Quinn still wanted a college experience, so she joined the team down the road at Brown University, sometimes training at her elite gym in the morning and then driving to campus for Ivy League classes and practice.
“My [elite] coach [Mihai Brestyan] was like, look, just don’t let her do anything where she’s going to hurt herself,” Quinn said. “Mihai’s whole thing was education is really important. Put that first because, obviously, gymnastics doesn’t last forever. So he was on board with me going to school.”
A year after her one college season, Quinn made the Beijing Olympics and earned a team silver medal. She’s now one of three directors for the U.S. women’s national team program.
“Physically, it’s a toll,” Quinn said of doing college and elite. “I would tell [younger gymnasts], that’s great. Just know that it takes a lot of work and a lot of dedication.”
In 2015, Brenna Dowell placed second on floor exercise at the NCAA Championships as an Oklahoma freshman. She then chose not to renew her accommodation lease in Norman, deferred her sophomore season, went to the U.S. Championships that summer and competed at the world championships that fall despite not training elite skills during the January-to-April college season.
“I had nothing to lose because I got to keep my eligibility, and I could go back to college after taking my year off,” she said. “My bar routine was going to be twice as long [in elite], I’d have to add an extra floor pass, add an extra full twist on vault. Everything came back so easily.
“Leanne, Jade and Jordan and all the girls that are coming back, they’ve been doing elite gymnastics for so long, so this season of college gymnastics could actually be something that’s really good for them, because their bodies have had time off [from elite]. Retrain a skill, try to get rid of bad habits as you’re starting fresh.”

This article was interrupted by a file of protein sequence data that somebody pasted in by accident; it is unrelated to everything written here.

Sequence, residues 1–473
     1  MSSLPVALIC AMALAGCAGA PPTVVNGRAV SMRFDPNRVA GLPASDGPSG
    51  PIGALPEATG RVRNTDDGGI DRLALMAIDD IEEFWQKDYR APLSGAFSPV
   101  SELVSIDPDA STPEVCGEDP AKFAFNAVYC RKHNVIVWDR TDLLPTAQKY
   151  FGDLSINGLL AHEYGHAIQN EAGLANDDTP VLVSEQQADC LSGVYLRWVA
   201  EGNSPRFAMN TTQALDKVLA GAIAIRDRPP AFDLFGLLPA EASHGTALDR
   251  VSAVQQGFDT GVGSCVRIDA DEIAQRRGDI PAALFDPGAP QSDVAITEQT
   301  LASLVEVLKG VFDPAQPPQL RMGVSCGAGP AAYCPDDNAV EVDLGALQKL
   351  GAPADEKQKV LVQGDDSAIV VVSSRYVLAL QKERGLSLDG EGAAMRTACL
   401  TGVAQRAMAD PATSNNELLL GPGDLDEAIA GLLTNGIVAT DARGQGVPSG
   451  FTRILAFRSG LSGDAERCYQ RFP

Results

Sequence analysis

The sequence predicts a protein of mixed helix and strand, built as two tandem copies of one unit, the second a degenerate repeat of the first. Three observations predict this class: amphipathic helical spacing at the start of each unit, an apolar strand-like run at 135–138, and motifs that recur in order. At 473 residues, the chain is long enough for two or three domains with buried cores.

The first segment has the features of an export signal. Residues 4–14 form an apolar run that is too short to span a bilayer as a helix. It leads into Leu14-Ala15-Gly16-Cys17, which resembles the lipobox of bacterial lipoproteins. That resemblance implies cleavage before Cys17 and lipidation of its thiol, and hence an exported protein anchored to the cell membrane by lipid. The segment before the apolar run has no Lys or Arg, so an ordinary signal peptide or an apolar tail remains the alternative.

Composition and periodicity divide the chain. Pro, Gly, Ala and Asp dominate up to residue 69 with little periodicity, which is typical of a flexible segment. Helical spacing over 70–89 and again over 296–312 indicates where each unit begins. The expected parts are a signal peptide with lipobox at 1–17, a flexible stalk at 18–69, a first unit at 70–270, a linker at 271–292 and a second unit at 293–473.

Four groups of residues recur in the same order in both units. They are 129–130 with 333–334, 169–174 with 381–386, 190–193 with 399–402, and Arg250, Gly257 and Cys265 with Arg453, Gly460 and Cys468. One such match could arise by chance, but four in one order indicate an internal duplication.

Elizabeth Price, a 2012 Olympic alternate, won the all-around at the 2014 American Cup and the 2014 Pacific Rim Championships. She looked like a contender for the 2016 Olympics. But she never had designs on Rio, nor second thoughts after enrolling at Stanford later in 2014.
“I was looking forward to that different phase of life,” said Price, who earned a biomechanical engineering degree, then got her master’s from Harvard in design engineering. “Even if my school hours were cut in half, I still don’t think it would have made much of a difference because for me personally at that time, I don’t think my body could have handled doing elite gymnastics on top of college gymnastics.”
Last year, MyKayla Skinner became the first American woman with college experience to make an Olympic team since Quinn. She retired after Tokyo.
This past April, Trinity Thomas of the University of Florida won the NCAA Championships all-around over the Olympic champion Lee.
Thomas did college and elite gymnastics back-to-back in 2019 and planned to do it again in 2020 before the pandemic shut down sports. She thought she would bid for the Olympic team in 2021, but sprained both ankles that NCAA season and announced her retirement from elite.
Thomas is now leaving the door open to a return to elite after deciding to come back for one more college season in 2023. Her motivation stems in part from seeing Carey, Chiles and her Gators teammate Wong try both.
“It does give me that extra kick in the butt, maybe that little bit more confidence that I can do it, too,” she said.
In Tampa this weekend, Carey and Chiles will experience what Price called “fighting from a different perspective.”
“You have to get back the skills that you hadn’t been training, also build up the endurance and strength that it requires to go to these competitions and compete significantly harder routines like you never left elite gymnastics,” Price said. “They’re fighting an uphill battle, but it’s been done before.”